I stayed in an Airbnb flat for a couple of weeks for work. All seemed to go well at first. In hindsight, I noticed a few red flags which suggested the host was a bit short of cash and would be ready to go to places one shouldn’t to make a quick buck. There and then I should have turned around, but I didn’t.
On leaving, the host posted an extremely negative review claiming the house had been damaged and left in a “poor state” but with close to no detail or specific content to support the allegations — just a request for funding from some alleged ‘damage’ caused to furniture in the place.
Three days of backs and forth ensued in which the host’s claims were narrowed down to “used too many towels” and a fake report of purported damage to one of the paper lampshades from an old lamp, which hadn’t even been touched. The host claimed this was a “vintage and rare” item which could not be easily replaced and demanded extortionate payment for not only the item itself, but other pieces of “matching furniture.”
At this point and facing the absurdity of the fake claims, I was exonerated of all responsibility. While at the time this was a big relief, the resolution was bittersweet. I was very disappointed with the way Airbnb conducted the customer service engagement and with a dispute resolution procedure that was less than ideal.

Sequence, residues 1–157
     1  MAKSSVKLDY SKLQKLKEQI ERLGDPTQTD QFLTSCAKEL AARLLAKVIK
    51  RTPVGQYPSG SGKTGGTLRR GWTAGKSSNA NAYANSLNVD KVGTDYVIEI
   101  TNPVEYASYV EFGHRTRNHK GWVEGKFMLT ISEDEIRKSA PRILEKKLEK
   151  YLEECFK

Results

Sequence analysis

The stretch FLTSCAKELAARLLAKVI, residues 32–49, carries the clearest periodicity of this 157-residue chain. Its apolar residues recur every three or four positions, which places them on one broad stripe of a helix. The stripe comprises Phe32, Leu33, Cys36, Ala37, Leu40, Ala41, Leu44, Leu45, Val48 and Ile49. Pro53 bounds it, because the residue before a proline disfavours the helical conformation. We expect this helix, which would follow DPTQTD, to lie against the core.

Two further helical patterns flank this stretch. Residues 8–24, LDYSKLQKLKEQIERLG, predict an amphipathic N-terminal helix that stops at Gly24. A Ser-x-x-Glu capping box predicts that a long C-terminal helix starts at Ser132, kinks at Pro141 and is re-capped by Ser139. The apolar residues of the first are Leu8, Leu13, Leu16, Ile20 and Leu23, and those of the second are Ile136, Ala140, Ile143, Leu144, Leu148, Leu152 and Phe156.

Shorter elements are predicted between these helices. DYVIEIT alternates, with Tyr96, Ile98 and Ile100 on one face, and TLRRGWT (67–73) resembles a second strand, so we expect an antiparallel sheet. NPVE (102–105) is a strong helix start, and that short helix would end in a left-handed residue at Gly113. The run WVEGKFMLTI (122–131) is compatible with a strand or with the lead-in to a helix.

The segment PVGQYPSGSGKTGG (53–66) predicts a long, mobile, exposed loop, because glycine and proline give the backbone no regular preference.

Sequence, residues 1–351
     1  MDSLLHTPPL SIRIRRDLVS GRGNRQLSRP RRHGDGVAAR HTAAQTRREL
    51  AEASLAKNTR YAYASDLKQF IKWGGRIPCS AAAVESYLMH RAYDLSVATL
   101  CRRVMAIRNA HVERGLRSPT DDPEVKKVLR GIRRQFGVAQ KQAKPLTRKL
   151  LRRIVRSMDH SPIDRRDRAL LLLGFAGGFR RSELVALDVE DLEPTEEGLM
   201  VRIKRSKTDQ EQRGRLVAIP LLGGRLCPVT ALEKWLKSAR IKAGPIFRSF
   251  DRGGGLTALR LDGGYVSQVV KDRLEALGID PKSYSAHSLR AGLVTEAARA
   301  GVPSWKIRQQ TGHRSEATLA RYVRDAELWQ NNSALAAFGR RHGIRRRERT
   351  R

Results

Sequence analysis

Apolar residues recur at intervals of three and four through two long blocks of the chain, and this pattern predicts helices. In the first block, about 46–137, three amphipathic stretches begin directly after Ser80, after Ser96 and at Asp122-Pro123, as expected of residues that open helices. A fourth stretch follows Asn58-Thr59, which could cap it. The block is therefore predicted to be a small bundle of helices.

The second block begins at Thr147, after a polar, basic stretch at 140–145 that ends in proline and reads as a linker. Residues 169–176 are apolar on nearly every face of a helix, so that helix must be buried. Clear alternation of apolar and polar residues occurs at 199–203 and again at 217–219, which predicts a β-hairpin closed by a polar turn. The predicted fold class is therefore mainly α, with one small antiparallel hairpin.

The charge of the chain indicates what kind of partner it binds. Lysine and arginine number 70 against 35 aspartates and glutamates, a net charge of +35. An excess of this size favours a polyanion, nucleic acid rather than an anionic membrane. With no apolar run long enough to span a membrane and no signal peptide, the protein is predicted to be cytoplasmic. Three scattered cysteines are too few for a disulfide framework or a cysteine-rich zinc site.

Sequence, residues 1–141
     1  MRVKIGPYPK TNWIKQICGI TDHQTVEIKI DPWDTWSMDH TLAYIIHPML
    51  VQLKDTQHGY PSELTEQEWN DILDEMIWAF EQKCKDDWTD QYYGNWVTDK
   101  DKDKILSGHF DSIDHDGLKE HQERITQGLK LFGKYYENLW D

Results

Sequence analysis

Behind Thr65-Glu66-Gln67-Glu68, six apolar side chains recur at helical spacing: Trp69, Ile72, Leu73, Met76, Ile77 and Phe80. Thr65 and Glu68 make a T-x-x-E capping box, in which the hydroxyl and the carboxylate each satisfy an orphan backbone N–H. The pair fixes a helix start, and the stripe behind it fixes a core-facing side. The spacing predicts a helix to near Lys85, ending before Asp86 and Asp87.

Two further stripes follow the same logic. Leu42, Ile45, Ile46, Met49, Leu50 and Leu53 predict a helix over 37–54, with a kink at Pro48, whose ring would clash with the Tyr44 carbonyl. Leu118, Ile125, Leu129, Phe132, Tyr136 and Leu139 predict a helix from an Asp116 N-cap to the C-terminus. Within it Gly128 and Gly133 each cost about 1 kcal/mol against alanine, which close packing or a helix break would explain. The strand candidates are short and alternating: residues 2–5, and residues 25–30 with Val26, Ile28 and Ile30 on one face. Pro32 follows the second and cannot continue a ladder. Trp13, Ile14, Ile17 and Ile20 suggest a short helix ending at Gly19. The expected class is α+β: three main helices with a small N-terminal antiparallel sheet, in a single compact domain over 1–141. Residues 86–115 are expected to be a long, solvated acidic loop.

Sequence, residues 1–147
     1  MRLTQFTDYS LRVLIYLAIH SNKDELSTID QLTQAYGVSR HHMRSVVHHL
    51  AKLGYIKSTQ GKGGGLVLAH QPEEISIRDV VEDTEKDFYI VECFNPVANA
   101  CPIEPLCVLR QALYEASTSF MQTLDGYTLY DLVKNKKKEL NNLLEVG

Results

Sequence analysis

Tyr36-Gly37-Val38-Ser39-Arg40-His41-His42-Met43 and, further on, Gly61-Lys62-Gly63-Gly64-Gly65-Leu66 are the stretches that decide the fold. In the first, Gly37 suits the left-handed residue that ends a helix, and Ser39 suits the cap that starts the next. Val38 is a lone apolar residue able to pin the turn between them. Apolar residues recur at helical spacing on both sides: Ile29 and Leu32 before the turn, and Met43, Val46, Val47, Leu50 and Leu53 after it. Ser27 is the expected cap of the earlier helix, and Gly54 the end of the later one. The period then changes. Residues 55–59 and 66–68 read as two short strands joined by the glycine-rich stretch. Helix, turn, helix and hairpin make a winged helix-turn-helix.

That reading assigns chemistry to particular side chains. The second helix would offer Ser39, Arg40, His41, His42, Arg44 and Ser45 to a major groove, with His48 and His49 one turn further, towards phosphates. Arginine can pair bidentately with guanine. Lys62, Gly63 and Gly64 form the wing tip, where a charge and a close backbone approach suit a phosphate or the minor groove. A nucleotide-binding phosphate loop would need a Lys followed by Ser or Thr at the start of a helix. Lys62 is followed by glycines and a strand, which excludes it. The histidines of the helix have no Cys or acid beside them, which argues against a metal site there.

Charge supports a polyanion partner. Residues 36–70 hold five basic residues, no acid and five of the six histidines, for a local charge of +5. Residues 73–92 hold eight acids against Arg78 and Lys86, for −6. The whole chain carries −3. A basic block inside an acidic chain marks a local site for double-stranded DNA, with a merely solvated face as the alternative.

At every step I was faced with requests for evidence that I had not been responsible for any alleged damage caused, even when the host’s claims were completely unclear. In every instance I had to provide responses within an extremely narrow timeframe — three calendar days — irrespective of when I actually saw the requests. Their emails came with vested threats noting a silent response would be taken into consideration to the detriment of the accused.
All in all, the case was solved with no financial cost but the experience served as a solid reminder that any host can make any unfounded claim they want — no matter how unfounded, absurd or in-congruent. If a host asks you for money, you are in principle liable to pay unless ‘proven innocent,’ not the other way around. Airbnb prioritizes expediency in resolution at the expense of fairness — not checking your notification for three working days is tantamount to a guilty plea.
Most people are really nice but a few are insanely crazy and can cause a lot of drama. I hope not many people have to face similar experiences. If not helpful for others, sharing my experience and reading about others’ nightmares at Airbnb has at the very least proven extremely cathartic. My sincerest thanks to the creator of this site.